More than 400 Dale County businesses were the recipients of the loans first established to provide an economic incentive during the COVID-19 pandemic.
That was the news that Ozark Dale County Economic Development Corporation Executive Director Veronica Crock brought to those attending the Dale County Commission meeting July 14.
Crock said that 413 businesses in Dale County received the national “Small Business Paycheck Protection Program” loans which began accepting applications April 3 to provide an economic incentive for small businesses with 500 or fewer employees to keep or rehire their workers.
Implemented by the United States Small Business Administration with support from the Department of the Treasury, the PPP is a $349 billion emergency loan program created by President Donald Trump’s signing of the Coronavirus Aid, Relief and Economic Security Act (CARES).
The program provides forgivable loans up to $10 million to small businesses left financially stressed by the COVID-19 pandemic. The loans, administered at the local level by banks and credit unions, were designed to provide small businesses with funds to pay up to eight weeks of payroll costs, including benefits.
Crock said that some 3,458 jobs in Dale County were retained as a result of the PPP. “The PPP loan amount for just those 413 businesses exceeds $20 million,” Crock said.
Backed 100 percent by the SBA, the loans are provided to small businesses without collateral requirements, personal guarantees, SBA fees or credit elsewhere tests.
The CARES Act was signed into law March 27 and the Small Business Administration announced that the first day banks would accept PPP loan applications was April 3.
Those eligible for the PPP included small businesses, certain non-profits, veterans’ organizations, self-employed individuals, independent contractors and other businesses meeting size standards based on their North American Industry Classification System code, according to the SBA.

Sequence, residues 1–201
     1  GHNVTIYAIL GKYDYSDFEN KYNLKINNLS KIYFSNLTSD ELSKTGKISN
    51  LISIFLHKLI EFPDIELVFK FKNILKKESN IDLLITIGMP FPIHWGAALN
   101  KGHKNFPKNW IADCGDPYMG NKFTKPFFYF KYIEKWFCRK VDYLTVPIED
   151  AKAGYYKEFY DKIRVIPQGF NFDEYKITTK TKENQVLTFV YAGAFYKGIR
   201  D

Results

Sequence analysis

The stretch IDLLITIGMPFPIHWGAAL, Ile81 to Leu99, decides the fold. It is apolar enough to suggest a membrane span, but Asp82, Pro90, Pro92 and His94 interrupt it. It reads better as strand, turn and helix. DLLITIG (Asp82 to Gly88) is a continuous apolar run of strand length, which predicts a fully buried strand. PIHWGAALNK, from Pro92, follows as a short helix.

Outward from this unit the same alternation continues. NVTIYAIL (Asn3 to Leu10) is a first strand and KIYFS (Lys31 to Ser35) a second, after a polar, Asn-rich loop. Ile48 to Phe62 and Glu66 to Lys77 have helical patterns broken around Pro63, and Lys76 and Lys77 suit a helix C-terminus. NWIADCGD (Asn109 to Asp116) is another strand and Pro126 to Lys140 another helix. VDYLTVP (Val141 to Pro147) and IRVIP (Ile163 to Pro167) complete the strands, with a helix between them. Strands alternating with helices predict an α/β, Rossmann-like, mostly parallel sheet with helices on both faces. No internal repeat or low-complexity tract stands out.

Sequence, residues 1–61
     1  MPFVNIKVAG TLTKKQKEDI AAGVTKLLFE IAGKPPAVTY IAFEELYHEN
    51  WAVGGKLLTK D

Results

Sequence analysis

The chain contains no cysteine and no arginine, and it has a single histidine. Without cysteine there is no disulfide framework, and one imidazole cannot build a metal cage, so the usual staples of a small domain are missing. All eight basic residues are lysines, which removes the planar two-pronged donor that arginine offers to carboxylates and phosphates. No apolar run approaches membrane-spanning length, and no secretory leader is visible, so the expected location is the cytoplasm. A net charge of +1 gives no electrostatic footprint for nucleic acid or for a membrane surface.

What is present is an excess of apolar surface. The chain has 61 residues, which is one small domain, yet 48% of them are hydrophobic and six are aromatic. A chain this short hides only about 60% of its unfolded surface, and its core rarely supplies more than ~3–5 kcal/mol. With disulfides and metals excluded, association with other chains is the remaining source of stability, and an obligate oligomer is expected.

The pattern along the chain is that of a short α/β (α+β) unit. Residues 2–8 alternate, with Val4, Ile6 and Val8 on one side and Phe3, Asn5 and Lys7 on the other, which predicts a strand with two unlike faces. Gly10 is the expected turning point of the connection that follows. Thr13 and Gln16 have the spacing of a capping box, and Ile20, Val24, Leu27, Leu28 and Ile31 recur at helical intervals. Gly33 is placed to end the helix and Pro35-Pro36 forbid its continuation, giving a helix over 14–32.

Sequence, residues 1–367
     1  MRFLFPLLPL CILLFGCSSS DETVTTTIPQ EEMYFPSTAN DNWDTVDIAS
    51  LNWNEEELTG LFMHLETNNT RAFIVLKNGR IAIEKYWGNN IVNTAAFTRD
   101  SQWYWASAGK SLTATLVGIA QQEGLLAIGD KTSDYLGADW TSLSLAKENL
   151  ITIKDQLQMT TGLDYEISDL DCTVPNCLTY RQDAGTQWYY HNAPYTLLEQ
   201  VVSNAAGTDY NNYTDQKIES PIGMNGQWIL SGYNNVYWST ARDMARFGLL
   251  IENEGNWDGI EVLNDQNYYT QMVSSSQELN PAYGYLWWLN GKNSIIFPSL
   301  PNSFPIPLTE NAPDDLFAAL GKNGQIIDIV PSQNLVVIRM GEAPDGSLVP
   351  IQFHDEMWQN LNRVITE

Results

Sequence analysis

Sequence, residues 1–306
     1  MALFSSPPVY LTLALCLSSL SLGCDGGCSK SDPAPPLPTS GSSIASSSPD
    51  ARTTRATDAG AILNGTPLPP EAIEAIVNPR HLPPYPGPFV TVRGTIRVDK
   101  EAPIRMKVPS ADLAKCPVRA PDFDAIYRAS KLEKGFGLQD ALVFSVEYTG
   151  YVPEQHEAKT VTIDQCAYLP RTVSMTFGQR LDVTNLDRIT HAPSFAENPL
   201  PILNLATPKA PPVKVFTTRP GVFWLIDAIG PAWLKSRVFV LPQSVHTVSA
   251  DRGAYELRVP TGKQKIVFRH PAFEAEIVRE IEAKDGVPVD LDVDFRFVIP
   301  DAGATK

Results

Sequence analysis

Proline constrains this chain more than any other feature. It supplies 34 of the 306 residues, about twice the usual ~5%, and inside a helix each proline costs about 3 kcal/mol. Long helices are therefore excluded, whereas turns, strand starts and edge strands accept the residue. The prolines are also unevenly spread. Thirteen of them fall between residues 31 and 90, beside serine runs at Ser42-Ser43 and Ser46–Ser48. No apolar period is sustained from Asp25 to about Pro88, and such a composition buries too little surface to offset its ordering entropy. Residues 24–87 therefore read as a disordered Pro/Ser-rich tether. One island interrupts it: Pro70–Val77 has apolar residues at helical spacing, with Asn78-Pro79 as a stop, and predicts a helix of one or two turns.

On June 3, the United States Senate approved a bill that was initiated in the United States House of Representatives which provided some flexibility to the initial PPP loans constraints. Called H.R. 7010, the bill was initiated because as many small businesses began the process of the varying stages of state-authorized reopening, the need for more flexibility for the terms of their PPP loans was realized.
The Flexibility Act essentially created a safe harbor for businesses that are required to open at only 50 percent capacity.
The act extends the forgiveness period from eight weeks to 24 weeks although small businesses that prefer to stay within the original eight-week window can opt-out of the extension.
The current PPP requires that 75 percent of the loan must be used on payroll costs and 25 percent to be used on mortgage interest, rent and utilities. Failure to adhere to this rule impacts loan forgiveness.
Under the Flexibility Act, the 75/25 rule is replaced with a 60/40 percent rule.
Also under the Flexibility Act, all new PPP loans will have a five-year maturity. Existing loans will remain at the two-year maturity. It allows businesses that receive loan-forgiveness to also receive payroll tax deferment. To receive loan forgiveness, a business must rehire employees by Dec. 31.